Gay rights and Republican lawyers: l’affaire continues

by on January 25, 2010  •  In Uncategorized

The Prop 8 trial is expected to end this week, possibly as early as Wednesday. What has been treated in the media as Ted Olson Presents will go on hiatus until final arguments, which Judge Walker has said he wants to hear after he has had a chance to review the evidence. Meanwhile, Olson had a pretty good week back at the Supreme Court, where he was the winning lawyer in Citizens United v. Federal Election Commission, the case that decimated what passed for a campaign finance reform law.

But long before Olson will be before the Supreme Court as a gay rights lawyer, the Justices will hear from the two other high quality and highly paid stars in the conservative lawyer firmament. Hastings Law School has hired Gregory Garre and Maureen Mahoney to defend its anti-discrimination policy against the challenge against it by the Christian Legal Society. CLS asserts that it has an expressive association right to exclude gay students, and Hastings argues that it has a right to deny official recognition if a group is not open to all students. 

Both Garre and Mahoney are, like Olson, superb advocates. But their role in the CLS case, like Olson's in Perry, illustrates the ways in which public interest litigation is becoming less and less distinct from ordinary corporate practice. Big firms (sometimes acting pro bono, although not in Perry or CLS) are being brought in to litigate important and high visibility cases on behalf of the public interest law groups that function as co-counsel or sponsors of the litigation. What's wrong with this picture?  Not anything, necessarily, but it surely marks a radical change from a professional landscape in which the outsider lawyer carried the case all the way through appellate stages, including to the Supreme Court.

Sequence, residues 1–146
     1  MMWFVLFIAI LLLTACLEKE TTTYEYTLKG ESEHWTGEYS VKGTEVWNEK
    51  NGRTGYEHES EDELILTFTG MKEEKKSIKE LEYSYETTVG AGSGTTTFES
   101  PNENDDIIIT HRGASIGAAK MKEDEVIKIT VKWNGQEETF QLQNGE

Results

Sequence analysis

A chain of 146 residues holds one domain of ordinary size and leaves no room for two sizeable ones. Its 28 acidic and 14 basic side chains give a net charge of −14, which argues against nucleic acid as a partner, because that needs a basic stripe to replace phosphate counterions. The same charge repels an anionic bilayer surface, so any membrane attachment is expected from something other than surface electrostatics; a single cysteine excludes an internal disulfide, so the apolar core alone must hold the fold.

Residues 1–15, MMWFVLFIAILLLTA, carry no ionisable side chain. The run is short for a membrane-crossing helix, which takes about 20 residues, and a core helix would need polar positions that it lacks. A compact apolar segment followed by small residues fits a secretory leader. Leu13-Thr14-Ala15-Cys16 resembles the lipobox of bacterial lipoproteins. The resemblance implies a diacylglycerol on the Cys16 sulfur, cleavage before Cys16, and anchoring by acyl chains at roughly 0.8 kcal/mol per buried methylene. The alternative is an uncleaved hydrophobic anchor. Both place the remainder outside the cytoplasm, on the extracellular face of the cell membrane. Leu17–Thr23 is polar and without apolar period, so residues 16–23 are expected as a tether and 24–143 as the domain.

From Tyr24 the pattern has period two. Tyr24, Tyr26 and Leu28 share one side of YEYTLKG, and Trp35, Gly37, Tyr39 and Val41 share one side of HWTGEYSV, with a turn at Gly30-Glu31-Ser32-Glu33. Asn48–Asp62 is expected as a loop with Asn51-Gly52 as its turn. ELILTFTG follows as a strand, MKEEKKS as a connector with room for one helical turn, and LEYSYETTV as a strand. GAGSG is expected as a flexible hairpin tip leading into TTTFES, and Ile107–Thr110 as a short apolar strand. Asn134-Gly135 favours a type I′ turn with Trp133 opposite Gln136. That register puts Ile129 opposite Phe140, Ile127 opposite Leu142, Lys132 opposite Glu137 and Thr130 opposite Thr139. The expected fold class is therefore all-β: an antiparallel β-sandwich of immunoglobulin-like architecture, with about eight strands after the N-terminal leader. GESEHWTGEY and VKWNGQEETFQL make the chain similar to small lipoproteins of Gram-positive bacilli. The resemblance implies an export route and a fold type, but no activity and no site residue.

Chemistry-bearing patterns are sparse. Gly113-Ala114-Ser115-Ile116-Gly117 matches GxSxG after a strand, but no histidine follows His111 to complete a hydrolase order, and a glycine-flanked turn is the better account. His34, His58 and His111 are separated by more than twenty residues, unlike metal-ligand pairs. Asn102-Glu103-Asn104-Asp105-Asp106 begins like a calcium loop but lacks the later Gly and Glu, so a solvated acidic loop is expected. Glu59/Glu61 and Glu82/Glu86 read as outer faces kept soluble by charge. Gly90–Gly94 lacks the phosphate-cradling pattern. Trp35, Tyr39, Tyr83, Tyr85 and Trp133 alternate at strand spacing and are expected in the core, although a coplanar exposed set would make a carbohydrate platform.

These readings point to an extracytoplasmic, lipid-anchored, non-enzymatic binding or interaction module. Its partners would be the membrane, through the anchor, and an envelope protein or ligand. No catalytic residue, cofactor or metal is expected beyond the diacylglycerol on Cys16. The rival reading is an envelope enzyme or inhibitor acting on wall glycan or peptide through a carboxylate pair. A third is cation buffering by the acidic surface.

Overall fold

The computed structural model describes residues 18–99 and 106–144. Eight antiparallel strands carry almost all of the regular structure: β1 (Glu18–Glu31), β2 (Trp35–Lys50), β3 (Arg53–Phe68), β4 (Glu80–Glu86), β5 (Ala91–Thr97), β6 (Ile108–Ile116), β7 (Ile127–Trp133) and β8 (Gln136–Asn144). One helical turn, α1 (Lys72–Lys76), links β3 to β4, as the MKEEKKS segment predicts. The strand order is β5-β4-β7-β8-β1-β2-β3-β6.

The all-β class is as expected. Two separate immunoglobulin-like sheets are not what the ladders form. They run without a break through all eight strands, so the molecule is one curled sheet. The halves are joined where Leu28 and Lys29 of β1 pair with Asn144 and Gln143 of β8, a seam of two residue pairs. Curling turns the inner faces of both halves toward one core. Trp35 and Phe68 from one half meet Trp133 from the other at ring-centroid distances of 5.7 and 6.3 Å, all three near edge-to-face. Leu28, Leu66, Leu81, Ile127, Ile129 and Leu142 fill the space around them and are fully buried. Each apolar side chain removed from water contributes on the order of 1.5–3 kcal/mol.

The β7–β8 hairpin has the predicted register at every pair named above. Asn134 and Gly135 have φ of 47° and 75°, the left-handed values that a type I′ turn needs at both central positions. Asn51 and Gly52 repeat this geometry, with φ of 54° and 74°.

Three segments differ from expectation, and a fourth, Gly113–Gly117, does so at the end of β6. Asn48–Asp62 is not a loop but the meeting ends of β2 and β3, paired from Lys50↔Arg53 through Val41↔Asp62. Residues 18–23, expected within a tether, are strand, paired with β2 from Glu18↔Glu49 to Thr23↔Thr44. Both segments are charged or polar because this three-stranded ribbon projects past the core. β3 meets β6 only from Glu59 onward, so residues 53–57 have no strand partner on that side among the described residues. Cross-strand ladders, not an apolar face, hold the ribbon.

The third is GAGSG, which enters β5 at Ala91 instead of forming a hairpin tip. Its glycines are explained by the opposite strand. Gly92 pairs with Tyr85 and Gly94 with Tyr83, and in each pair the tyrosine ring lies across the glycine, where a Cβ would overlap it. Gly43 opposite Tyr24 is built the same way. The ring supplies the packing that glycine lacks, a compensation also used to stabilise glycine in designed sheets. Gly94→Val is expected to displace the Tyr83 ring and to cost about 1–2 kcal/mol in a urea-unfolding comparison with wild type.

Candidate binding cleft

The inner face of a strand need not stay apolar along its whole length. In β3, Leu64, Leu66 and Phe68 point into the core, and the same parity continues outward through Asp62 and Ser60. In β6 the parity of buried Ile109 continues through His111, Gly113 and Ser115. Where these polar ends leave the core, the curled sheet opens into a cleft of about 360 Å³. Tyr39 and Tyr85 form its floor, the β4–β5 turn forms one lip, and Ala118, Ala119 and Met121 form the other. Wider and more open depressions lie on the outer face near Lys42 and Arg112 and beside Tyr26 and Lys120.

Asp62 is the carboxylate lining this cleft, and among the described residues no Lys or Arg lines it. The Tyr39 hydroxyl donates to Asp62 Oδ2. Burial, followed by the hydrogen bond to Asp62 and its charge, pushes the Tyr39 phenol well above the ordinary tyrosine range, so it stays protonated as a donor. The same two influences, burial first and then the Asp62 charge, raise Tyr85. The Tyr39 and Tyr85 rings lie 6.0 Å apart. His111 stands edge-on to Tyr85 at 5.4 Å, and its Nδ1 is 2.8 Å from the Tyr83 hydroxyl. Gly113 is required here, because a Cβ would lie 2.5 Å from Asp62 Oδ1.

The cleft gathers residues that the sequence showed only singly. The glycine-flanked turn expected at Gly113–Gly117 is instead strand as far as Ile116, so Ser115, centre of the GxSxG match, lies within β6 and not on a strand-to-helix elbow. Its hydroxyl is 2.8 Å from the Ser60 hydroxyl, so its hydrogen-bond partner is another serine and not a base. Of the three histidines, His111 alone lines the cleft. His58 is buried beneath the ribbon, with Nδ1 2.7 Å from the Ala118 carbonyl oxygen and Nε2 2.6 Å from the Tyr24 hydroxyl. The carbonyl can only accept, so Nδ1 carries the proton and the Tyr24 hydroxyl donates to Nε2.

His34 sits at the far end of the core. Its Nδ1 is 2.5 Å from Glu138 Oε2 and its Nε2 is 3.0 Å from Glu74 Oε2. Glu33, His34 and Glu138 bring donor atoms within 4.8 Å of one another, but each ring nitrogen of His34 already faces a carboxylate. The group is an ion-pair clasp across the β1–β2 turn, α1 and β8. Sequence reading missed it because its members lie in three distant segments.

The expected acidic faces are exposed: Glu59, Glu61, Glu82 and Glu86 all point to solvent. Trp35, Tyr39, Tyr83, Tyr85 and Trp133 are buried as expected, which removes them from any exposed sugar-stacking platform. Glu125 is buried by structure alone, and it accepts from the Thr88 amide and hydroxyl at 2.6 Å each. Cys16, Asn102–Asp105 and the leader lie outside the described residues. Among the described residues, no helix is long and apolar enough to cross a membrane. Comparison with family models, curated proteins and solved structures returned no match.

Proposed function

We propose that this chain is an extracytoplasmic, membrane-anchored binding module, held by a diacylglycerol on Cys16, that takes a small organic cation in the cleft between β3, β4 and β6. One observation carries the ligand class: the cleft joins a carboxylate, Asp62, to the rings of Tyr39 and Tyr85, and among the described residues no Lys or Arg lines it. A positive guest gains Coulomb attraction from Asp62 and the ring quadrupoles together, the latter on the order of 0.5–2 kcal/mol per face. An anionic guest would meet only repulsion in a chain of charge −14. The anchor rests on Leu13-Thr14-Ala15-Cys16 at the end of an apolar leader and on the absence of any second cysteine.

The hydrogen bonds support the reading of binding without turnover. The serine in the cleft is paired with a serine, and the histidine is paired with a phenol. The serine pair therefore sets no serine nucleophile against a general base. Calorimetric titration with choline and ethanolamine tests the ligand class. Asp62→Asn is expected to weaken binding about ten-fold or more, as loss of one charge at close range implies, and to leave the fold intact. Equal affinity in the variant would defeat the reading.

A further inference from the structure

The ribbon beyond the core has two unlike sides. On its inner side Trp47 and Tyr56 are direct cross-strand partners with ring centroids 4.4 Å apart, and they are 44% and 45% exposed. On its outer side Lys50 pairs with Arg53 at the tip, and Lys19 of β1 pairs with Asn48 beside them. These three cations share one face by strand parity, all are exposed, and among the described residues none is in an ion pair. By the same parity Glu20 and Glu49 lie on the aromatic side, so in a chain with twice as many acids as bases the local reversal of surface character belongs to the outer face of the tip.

Part of the reason is the increasing specialization of legal work, manifest in the growth of a small elite group of Supreme Court practitioners. Part of it is the sharp, almost even split among the Justices along ideological grounds in almost every area of constitutional law. And part of the reason is surely that conservative Justices currently hold the upper hand in that split, thereby creating a special appeal for having a lawyer well known for her or his conservative credentials argue your case. 

In the CLS case, it is easy to see why Hastings chose Garre and Mahoney (both partners at Latham Watkins). Both Garre, who was Solicitor General at the very end of the Bush 43 presidency, and  Mahoney, who successfully represented the University of Michigan Law School in defending its affirmative action policy in Grutter v. Bollinger, are regarded as excellent Supreme Court advocates. Their biographies bear a stunning resemblance to that of Chief Justice Roberts: all were former Rehnquist clerks and appointees in Republican Justice Departments. Mahoney was also a Bush 43 nominee for a federal judgeship, but was not confirmed.

I suppose the irony here is that "hired gun" no longer just means that a lawyer who once sought to do good will represent tobacco companies, investment banks, or big pharma. Apparently, it also means that Republican true believers will represent queers and the people who love them. At least if the price is right.



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